One approach that I use, especially when I have to make several dough balls and I don't have enough refrigerator space to conveniently hold all the individual bowls or other containers, is to use zip-type storage/freezer bags. I put a little oil in the bag, drop a dough ball into the bag, and then roll and slosh the dough ball around until it is completely coated. That way I don't have to get my hands messy with oil. I then flatten the dough ball into a disk (by pressing against it from outside the bag) so that it will cool faster, which is important for a Lehmann dough. I squeeze out some of the air in the bag--but leave enough volume for expansion of the dough--and then zip the bag shut. At that point, you don't need much refrigerator space and you minimize the mass that is to be cooled.
I sometimes use empty bread bags to do the same, except that I twist and tuck the open end of the bag under the bag once I have put the dough ball (oiled) into the bag. Again, I allow enough space for dough expansion in the bag. You end up with a neat and compact package that uses little refrigerator space and, as with the zip-type bags, most of the cooling goes to cooling the dough rather than the container.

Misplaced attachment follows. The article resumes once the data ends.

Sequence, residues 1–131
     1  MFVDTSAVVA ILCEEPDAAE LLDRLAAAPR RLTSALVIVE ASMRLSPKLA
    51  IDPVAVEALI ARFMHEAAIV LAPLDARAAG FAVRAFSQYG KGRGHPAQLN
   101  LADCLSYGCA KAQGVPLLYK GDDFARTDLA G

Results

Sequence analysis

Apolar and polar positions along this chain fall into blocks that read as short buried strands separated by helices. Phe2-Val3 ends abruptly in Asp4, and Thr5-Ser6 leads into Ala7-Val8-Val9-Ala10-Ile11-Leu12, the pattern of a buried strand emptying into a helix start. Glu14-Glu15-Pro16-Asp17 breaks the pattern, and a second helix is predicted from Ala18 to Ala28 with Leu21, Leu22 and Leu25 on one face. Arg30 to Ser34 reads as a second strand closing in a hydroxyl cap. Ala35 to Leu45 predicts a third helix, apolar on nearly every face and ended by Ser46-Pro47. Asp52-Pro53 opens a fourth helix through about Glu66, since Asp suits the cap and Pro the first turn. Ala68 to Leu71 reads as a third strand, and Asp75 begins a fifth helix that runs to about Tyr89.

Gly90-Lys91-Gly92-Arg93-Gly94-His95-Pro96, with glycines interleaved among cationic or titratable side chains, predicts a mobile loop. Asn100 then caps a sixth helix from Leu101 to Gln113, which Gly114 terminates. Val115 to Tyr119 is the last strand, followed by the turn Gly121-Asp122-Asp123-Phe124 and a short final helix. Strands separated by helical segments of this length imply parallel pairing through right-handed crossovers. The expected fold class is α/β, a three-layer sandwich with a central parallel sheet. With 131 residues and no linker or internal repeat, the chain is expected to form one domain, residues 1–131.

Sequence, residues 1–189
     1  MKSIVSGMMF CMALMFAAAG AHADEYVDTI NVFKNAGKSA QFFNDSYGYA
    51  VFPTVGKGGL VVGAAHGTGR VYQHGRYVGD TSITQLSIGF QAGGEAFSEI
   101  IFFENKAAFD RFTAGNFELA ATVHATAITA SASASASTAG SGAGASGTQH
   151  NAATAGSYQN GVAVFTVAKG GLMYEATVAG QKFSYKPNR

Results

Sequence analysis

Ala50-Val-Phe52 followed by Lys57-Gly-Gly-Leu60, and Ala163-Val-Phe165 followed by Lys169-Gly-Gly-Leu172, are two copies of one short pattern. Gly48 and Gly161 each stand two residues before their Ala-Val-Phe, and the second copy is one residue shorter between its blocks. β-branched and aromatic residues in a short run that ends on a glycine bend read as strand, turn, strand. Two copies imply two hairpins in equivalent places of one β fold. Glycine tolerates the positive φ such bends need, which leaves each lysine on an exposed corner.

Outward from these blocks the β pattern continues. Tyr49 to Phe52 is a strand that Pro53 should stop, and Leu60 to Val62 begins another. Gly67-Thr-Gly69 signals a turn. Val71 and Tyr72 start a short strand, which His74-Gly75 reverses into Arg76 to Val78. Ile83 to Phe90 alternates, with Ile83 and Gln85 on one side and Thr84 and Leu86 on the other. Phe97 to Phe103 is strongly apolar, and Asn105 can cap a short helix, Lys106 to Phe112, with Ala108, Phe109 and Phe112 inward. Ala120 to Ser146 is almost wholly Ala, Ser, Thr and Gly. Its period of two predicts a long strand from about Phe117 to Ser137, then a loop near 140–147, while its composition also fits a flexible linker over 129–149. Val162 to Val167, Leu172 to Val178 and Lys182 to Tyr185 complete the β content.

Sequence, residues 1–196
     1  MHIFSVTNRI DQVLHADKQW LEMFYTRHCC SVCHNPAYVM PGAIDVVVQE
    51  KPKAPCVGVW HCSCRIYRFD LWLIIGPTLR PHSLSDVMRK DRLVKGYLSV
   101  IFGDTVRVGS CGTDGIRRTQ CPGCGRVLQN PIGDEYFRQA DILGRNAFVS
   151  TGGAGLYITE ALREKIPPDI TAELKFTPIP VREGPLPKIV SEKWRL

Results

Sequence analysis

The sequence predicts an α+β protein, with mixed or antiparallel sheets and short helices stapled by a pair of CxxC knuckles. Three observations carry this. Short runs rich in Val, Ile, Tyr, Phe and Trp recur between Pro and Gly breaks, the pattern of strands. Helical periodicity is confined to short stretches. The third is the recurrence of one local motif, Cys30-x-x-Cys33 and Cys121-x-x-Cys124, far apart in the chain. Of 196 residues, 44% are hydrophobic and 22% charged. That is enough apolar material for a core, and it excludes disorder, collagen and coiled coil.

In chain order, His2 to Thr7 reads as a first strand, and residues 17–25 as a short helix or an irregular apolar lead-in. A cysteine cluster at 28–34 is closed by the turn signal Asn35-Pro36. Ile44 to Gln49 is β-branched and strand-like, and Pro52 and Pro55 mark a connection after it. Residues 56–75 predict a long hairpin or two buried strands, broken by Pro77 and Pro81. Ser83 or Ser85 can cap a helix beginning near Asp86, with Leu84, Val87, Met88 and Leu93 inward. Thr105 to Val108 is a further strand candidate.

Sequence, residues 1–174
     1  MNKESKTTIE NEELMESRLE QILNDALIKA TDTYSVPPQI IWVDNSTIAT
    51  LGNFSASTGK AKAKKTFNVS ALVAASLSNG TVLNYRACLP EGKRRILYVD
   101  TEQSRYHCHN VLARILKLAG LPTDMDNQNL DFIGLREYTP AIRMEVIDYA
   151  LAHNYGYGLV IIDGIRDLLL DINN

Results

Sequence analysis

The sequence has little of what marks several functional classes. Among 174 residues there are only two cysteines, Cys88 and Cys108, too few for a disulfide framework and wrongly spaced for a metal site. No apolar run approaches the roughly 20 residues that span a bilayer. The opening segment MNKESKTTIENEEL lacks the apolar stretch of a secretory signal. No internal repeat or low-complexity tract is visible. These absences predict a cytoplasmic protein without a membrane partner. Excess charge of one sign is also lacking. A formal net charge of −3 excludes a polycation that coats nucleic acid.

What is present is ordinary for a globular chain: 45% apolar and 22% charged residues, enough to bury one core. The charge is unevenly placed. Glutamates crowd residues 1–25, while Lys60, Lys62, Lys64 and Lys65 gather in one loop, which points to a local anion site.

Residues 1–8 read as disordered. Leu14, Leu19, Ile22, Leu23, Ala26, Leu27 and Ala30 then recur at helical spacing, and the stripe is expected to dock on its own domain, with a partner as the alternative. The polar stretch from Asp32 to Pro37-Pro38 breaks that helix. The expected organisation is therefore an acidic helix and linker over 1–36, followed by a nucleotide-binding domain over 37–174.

BTW, you can also use a light spray of canola oil from a spray can to coat the dough. When I do this, I spray the dough ball after I drop it into the container and then roll the dough ball around to get complete coating with the spray. If I am using a more typical container, such as a bowl, one trick I use is to take one of those freebie hotel plastic shower caps with the rubberized band and securely cover the bowl with it. Some of them are even transparent so that you can see what is happening to your dough. And they conform to most shapes and sizes of bowls you choose to use and they are reusable.